In fact, if there's one recurring theme to the end-of-decade coverage and the reader commentary surrounding it, it's that a sense of cohesion has eroded. And what exactly has atomized? The music industry as a whole. The ways we listen to, obtain and discover music. Bands themselves, as they've splintered off into side project after side project because it's so much easier to be in multiple bands, record an album with each member never having to leave his or her individual city, and then release the songs the very next day.

Albums themselves have been broken up into singles, remixed or iPod-shuffled into oblivion. Genres have disappeared, blended and multiplied. The location and context of artists are unknown or obsolete. Labels hardly matter, or so some say, while intention and politics are divorced from the music unless implicit in the lyrics. And, of course, there is more, more, MORE music than ever. For some of us, this unraveling of the structures and the means of exploration we had grown accustomed to is unsettling. For others, it's freeing. Some don't know it any other way. And for most of us, it's a mixture of awe, enthusiasm and at least a little bit of skepticism.

One topic wherein we managed to find common ground pertained to the ways technology contributes to greater accessibility. There are fewer gatekeepers or roadblocks standing in the way of those long-lost musical secrets and gems, and nearly anyone can track down hard-to-find records, singles and artists. Plus, newer musicians and bands — including the unsigned and unheralded — can get their music heard. Hooray, no doubt. Furthermore, recording equipment and software make the process of music-making that much easier.

Where we begin to disagree, however, is on whether unfiltered, uncurated, non-contextualized, genre-less, everyman, everywoman music is better. While some celebrate and insist that we're in a post-genre, post-record-label, post-gender, post-music-industry world, not everyone, including myself, thinks that you can keep a knife sharp when it has no edges. I don't want art, specifically music, to become a blunt tool, with no point or purpose other than to be held.

But, like many of you — and I'm just basing my feeling on a hunch, though there's plenty of evidence on this blog within these past days to support it — this might have been one of the best decades for music ever. One of my favorite parts of these past two weeks has involved receiving and listening to more than 150 songs that people recorded in a matter of hours, and for no other reason than them wanting to communicate a feeling or an idea. The willingness to share, to participate and to create was inspiring. And the comments people left in regard to the songs were full of generosity and encouragement. Thank you and bravo!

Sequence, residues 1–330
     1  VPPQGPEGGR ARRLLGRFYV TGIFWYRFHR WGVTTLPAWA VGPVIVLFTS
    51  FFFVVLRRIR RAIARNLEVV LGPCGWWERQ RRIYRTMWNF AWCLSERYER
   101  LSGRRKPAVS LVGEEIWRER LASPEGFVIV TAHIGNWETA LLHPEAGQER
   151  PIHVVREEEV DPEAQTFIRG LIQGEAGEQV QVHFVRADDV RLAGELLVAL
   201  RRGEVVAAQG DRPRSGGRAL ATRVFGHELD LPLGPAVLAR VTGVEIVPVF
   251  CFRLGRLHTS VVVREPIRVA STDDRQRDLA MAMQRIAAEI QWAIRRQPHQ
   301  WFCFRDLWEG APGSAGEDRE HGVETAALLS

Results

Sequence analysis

I also loved the fact that on these "pages," via the posts and the subsequent comments and discussion, we seemed to form a genuine — if temporary — community. We argued, we supported and we challenged one another. I was honored that so many friends, colleagues and readers contributed time and energy to the project. We talked some about what role community plays in music, now that the notion of community has been expanded to basically mean everywhere. It was reassuring to realize that "everywhere" isn't so diffuse as to render it "nowhere." And, while I prefer the actual and the real to the virtual, the coalescing of so many ideas, opinions and voices on this blog during our end-of-decade coverage felt hefty and tangible. Almost, I dare say, like a modern-day fanzine (minus Kinko's and glue).

So, what now? What's next? And what are my hopes for music in the next decade? They are no different than what I always want: for music to be surprising and unpredictable, and to knock me off my feet.